drawn toward perigee before pausing, wistfully.


This uses a sonnet form that I haven’t been able to find anywhere, so I might have made it up. It felt like dancing, and really seemed to suit what I wanted to do with this poem. The form has the rhyming scheme of ABCD DCBA EFG GFE, with twelve syllables per line. I liked how couplets appear in the middle, moving part of the poem, swinging towards and away those pivot points as if they carry tension, instead of resolving it.

I Like to Read Poems (A Double Sonnet)

I like to read poems that hurt like I hurt,
that swell in my throat like sugar, and cut
my tongue like rosehips (red, bitter, and curt),
like black tea carves new landscapes in the mouth.
Poems that don’t fake it, and don’t have to. They
can take it, being chewed up like gristle,
and sometimes you have to put them away
or swallow whole. Standoffish ones, bristle
and glare, part bear, part ice, loping across
a bridge crumbling under their weight, and fate
alone says if the bridge falls or they pass
thru. A brute squad poem, grotesque at the gate,
but gentle as giants, hungry as joys.
I know I can trust these words without choice.

These are the poems picked last in gym, that swim
six inches below the water’s surface.
They slip into my mind like a church hymn,
into my veins like those hypodermics,
with a punch and clench, a spurt and a draw.
They don’t need me to feel sorry for them,
they’re way past that. They’re confident and raw-
boned, monstrosities of difference and numb
to judgment, straddling the lovely worlds
made lovelier with them in it, who don’t fit,
who’ve been broken and reglued, and whose words
are lacquer, the spit and stick, the gold slip
holding things together, brassy and shy.
Oh, just bite me, I snarl, while reading, and cry.

On Being Blue

It may have begun when I was newly pregnant
and the veins swole like rivers in my breasts, darkling
waterways colored something between liberty
blue and muted lavender. Or, adolescent,
my mother wistfully wishing I’d wear more teal
while I insisted on low cut sapphire velvet,
and paid the price, with a pelvis hard as lapis
and knotted as malachite, transformed by each weal
and welt. Maybe it began when, as a babe, pink
was assigned as my color, which I resented
daily for years, at last blooming into splendid
peacock, space cadet and fluorescent, periwink-
le and ice, rarely ultramarine, mostly blue
moon. I don’t even know when I became taboo.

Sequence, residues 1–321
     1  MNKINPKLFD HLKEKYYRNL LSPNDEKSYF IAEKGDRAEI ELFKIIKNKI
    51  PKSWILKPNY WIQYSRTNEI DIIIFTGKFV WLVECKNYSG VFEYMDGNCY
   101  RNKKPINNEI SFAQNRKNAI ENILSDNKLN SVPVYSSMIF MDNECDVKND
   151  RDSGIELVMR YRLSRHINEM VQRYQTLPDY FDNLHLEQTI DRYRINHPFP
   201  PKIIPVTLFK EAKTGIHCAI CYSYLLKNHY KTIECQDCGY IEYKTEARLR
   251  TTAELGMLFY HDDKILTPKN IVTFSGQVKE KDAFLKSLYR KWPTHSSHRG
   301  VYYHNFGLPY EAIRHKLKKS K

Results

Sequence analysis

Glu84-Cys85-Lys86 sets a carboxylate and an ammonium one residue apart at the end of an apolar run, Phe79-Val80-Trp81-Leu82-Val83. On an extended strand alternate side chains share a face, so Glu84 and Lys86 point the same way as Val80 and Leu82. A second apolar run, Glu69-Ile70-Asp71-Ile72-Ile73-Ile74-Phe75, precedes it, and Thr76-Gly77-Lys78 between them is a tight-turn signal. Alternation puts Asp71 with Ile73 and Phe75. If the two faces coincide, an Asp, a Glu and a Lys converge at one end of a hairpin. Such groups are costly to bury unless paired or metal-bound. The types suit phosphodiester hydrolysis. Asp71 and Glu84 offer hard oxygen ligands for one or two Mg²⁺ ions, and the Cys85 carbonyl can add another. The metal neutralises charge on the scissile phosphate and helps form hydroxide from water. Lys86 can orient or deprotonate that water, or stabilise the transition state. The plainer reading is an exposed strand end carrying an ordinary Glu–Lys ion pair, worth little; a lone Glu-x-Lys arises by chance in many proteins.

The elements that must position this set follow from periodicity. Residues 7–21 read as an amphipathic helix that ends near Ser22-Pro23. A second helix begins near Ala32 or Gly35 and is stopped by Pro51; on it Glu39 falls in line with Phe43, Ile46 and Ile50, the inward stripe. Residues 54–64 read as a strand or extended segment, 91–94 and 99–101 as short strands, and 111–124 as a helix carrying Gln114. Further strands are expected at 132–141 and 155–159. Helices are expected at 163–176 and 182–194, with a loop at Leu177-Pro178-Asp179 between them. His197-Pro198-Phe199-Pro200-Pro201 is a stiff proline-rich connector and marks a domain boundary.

On Being Sick, Again

Sickness scrapes the words from my brain, right as rain, except not.
I ask my son to write this down because I can’t hold words
in my mind long enough to make a fist they won’t leak through.
It’s sand. That’s what I meant. Hold on tight and then it’s all gone.
That’s what the words do. Shift and sift and flow, tie in a bow,
oh heck, I don’t know, I don’t want to know, I want to sleep.
There, let’s make a new rhyme, pretty patterns for all the words
that want to dress up in frilly outfits with lace and flowers
for the April showers that chill me to the bone, that hone
the fever like a sharp chicken bone, cutting through the sweats
that stick skin to skin like “Hello, my name is [blank]” labels
glued to my front with muck and gunk of all unpleasant sorts.
It’s fine. I’m not hungry. I don’t want more eggs. And I’m not
acting like a child. I’m too tired to think of better words.

On the Resurrection of the Body

Is this the body in which I want to live forever?
Which iteration of this body? Maiden, mother, crone?
Today is the day when father and son change place, sever
the ties that bind them, and then, from atoms of loss and lone,
hone something different as a connection, full of charges
electric and eternal, maybe. Is this the body
in which they want to live forever? Healthy or sick, large
or small? There must have been a mistake. May have been, shoddy
details, someone to shame. But there is no one we can blame.
Winds whipped the flames higher, sucked oxygen out of the air,
out of the flesh. It wasn’t graceful, gentle, at all tame.
It was a dramatic, terrifying, memory to bear.
Is that the body in which I want anyone I love
to live forever? Let us change, and change, to live above.